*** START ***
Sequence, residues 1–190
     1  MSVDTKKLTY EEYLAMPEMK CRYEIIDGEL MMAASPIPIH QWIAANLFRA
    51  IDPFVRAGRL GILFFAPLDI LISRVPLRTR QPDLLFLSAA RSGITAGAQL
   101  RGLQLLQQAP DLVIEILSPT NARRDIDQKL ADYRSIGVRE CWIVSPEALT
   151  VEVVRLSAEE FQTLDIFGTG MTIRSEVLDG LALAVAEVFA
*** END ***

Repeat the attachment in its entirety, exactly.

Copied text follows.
Sequence, residues 1–190
     1  MSVDTKKLTY EEYLAMPEMK CRYEIIDGEL MMAASPIPIH QWIAANLFRA
    51  IDPFVRAGRL GILFFAPLDI LISRVPLRTR QPDLLFLSAA RSGITAGAQL
   101  RGLQLLQQAP DLVIEILSPT NARRDIDQKL ADYRSIGVRE CWIVSPEALT
   151  VEVVRLSAEE FQTLDIFGTG MTIRSEVLDG LALAVAEVFA